As a first post, and also a sort of review, I thought I’d tell you about my journey with guitars so far: what sort of equipment I started with, and where I’m going.

You may have already read in the About page that I only started playing guitar in the Spring of 2020, under lockdown. What I didn’t tell you there might surprise you even more. I had for years been thinking I should take up the piano again, which I played until early adolescence. But when lockdown came, my wife and I found ourselves subletting an apartment in Berlin, where fate would trap us for several more months than we had initially planned. Dear readers, this apartment did not have a piano it, but it did have a guitar. I picked it up, and started to make out some notes and some basic strumming patterns, and the rest is history.

I don’t remember the model of the guitar, it’s probably not worth remembering anyhow. It was an old Fender acoustic, and I was just lucky it still had six strings on it. There was an electric guitar propped in the corner as well, also a Fender, but it only had four strings so I didn’t bother with it (we were so paranoid about infection at the time that I didn’t even think about ordering equipment online — what was there when we arrived was what I had to work with).

By mid-summer 2020 we got out, and returned to the United States, visiting my mother at her home in the beautiful Inland Empire of San Bernardino, California. I was already so addicted to my guitar that I couldn’t even imagine spending even two weeks visiting family without one, so I had a Yamaha FS800 acoustic delivered from Guitar Center for about $150. You know what? It was pretty good. It was on this occasion as well that I decided, almost on a whim, to order a package of Dunlop thumb picks, hoping to learn the thumb-picking style of the great Merle Travis. This was one of the best decisions of my guitar-playing journey, and I’ll write about it on another occasion. I left that Yamaha at my mom’s place after playing it for just two weeks, and it awaits me on my next visit.

I was getting really interested in the whole sound and feel of country-music shows from the early years of television, and I wanted a guitar that shared in that whole “vibe”. So when we got home to Chicago I ended up ordering an Ibanez AS93FM Artcore Semi-Hollow guitar. I love the sigma-shaped sound-holes, and indeed it does deliver on the country twang. One thing I quickly learned about hollow-bodies is that in a way they combine the disadvantages and advantages of both acoustic and electric. I like to take my guitar with me to the park, when my wife has had enough, and although the hollow-body gives you some acoustic resonance and lets you play loud enough to hear the notes without amplification, you still really need to plug it in to sound good. And yet, unlike a properly electric guitar, it doesn’t deliver the sleek, compact ease you might crave. You still have to struggle to get the strings down, making barre chords is a real challenge, and it’s relatively big and cumbersome. It cost around $600, so if you are going to go for this or a similar hollow-body, you really need to be sure it’s what you want.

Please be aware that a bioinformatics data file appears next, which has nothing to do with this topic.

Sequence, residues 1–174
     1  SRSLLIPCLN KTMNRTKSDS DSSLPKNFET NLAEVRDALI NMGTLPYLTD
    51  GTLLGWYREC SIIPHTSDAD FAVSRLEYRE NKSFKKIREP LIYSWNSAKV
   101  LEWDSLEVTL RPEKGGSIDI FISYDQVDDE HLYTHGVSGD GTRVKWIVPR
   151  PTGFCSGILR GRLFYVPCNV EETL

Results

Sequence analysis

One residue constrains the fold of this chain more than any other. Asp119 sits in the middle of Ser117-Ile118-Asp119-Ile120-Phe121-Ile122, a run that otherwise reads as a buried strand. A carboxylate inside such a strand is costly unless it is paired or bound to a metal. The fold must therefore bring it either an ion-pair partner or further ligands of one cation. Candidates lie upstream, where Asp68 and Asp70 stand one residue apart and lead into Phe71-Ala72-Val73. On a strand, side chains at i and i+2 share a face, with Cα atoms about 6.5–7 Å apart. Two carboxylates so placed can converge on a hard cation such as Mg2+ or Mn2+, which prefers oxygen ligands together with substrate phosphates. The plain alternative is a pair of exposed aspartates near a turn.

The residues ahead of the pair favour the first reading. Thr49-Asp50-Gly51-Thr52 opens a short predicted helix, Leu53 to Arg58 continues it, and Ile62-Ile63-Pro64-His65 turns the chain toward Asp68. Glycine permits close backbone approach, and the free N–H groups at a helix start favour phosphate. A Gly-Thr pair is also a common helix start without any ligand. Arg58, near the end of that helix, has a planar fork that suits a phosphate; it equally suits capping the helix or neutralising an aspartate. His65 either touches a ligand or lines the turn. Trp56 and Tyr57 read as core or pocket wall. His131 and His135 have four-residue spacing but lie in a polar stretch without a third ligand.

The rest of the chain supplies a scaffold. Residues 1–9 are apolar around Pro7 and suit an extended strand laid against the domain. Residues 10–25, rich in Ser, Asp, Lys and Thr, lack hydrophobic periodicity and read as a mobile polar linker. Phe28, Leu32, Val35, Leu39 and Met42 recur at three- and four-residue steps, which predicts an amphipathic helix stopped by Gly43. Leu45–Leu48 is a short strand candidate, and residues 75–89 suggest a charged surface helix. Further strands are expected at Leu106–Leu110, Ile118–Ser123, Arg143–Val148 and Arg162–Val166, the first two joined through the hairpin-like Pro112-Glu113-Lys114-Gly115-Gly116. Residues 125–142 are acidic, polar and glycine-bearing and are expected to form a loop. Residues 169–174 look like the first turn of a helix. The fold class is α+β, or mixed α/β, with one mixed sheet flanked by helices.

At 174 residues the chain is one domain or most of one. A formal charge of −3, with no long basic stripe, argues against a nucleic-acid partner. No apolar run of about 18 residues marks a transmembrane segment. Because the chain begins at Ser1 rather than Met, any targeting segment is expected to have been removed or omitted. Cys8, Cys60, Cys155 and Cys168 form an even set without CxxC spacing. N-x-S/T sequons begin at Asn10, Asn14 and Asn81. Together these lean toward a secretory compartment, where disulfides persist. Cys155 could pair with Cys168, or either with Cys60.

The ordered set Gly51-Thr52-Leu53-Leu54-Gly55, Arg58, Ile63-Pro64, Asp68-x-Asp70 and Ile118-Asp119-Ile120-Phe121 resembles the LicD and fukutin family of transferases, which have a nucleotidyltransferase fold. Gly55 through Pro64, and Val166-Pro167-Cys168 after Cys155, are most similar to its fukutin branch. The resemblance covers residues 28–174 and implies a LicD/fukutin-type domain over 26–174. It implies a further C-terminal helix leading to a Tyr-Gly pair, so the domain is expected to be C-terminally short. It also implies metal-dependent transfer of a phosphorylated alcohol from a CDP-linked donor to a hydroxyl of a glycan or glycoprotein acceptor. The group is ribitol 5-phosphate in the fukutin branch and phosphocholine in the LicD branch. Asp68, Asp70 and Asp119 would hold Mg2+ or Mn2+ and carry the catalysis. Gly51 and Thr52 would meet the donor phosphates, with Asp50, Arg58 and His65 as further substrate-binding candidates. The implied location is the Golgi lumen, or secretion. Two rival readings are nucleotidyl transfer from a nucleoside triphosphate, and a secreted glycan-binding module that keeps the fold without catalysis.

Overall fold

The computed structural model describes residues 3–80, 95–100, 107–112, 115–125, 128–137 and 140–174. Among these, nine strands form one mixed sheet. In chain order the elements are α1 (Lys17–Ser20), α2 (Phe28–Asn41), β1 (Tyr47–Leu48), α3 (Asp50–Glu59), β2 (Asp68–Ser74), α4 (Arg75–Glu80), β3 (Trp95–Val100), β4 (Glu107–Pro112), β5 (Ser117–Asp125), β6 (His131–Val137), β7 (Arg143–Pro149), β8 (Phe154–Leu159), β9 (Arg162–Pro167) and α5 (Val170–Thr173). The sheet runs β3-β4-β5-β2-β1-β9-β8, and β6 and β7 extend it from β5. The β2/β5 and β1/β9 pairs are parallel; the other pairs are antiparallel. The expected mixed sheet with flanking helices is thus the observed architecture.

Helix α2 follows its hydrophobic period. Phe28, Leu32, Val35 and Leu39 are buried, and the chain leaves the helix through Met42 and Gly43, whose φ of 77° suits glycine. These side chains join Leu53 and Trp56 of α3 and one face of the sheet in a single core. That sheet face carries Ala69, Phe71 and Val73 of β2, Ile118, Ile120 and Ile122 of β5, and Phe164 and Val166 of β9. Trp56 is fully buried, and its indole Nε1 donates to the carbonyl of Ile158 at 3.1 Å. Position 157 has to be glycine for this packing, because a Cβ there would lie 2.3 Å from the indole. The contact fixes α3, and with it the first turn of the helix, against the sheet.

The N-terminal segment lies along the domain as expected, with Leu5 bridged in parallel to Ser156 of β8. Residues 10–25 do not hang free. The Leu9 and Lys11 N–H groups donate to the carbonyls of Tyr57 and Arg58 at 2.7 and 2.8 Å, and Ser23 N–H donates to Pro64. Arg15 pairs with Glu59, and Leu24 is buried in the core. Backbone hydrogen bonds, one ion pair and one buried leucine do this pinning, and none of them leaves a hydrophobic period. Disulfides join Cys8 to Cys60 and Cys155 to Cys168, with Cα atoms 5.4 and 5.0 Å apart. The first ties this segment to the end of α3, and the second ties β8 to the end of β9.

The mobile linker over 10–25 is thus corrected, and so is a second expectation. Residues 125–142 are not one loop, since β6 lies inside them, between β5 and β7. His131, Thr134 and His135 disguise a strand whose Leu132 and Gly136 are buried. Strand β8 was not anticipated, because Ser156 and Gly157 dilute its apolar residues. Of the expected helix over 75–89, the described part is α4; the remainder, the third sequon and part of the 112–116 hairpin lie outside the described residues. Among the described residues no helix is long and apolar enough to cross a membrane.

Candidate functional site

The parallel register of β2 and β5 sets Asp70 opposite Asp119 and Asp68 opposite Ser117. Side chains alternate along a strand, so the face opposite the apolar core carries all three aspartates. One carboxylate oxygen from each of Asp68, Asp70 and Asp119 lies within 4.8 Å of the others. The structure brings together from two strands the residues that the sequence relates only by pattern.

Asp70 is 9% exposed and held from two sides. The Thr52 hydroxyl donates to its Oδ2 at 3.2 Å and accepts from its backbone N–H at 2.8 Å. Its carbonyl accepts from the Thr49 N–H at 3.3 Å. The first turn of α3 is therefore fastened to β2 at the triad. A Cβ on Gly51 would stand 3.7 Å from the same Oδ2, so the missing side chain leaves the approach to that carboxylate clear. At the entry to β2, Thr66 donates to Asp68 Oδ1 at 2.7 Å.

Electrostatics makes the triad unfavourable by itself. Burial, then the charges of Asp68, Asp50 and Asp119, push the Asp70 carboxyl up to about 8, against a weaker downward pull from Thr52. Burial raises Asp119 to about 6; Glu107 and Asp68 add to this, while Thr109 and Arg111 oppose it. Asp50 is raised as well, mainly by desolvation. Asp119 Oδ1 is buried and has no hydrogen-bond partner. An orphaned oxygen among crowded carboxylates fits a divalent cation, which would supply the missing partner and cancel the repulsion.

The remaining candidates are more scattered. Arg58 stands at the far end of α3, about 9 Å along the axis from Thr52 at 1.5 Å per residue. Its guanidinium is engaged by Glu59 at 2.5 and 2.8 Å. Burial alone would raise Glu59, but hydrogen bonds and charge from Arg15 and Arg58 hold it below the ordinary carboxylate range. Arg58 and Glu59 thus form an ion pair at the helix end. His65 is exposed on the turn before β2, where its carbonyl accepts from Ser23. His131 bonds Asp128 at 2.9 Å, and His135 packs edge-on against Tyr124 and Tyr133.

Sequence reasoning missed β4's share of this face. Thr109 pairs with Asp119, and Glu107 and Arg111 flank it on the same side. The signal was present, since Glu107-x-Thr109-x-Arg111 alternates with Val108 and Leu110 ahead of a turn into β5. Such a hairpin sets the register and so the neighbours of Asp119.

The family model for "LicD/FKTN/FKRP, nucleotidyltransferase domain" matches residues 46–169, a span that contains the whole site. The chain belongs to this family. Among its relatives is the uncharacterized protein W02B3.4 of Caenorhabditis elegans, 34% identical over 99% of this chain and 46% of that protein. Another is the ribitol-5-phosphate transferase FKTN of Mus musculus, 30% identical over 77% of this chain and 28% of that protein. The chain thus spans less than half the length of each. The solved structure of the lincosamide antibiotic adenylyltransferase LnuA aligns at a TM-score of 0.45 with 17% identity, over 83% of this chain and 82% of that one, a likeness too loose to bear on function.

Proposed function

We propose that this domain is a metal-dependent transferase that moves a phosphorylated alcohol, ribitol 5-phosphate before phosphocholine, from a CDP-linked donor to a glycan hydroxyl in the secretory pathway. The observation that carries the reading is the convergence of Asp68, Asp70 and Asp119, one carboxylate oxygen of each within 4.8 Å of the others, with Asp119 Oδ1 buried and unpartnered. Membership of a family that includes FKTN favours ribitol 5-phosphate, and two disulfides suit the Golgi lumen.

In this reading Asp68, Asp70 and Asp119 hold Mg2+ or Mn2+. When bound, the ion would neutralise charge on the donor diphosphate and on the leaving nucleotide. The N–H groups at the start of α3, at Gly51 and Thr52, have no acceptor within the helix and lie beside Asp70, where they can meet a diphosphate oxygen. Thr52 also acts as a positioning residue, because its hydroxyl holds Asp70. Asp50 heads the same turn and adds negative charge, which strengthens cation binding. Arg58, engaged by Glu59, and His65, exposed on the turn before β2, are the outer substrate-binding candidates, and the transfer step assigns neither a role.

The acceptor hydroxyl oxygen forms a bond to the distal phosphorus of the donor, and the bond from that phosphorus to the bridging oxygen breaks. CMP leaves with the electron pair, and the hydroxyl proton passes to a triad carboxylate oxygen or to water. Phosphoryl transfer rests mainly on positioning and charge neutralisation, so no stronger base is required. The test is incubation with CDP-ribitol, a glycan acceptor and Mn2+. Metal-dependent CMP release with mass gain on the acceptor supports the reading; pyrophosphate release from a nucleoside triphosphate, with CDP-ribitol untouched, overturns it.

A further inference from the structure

After some disappointment, I thought I wanted to go back to acoustic, so I bought a Sigma DM-1ST for about $300. I love its full-bodied resonance, but it’s also the most challenging guitar I’ve played yet. It’s pretty hard to avoid getting squeaky or muted notes, so robust is the frame and so rigid the fretboard. The strings feel like cables, and I feel like one of those poor North Korean children you can see on YouTube being forced to play the guitar well before they are physically ready to confront those giant instruments. Still, unlike with the Ibanez, here I feel confident that the struggle is worth it. When I get things right, the sound is so great that I want more, and I work harder to achieve it.

I also decided that I wanted to start playing electric for variety, and I went and bought a fairly low-end Squier Stratocaster by Fender for about $250. I love it! Its whole weight and gravitation in ones lap is just so different from an acoustic. The frets and strings are familiar, but otherwise it’s just a whole different instrument. The body of it is so heavy and dense, and the neck so light, holding it is something like holding a medium-weighted sledgehammer; I understand where Jimi’s primal desire to smash the thing came from.

I still think I’m more of an acoustic player. I alternate mostly between the Sigma and the Stratocaster, playing both of them several times a week. The next guitar I’m going to buy will be a performance-quality instrument, of the sort I’ve never even played before, but so far the instruments I have played have served me very, very well. Stay tuned for more!

–Stuart

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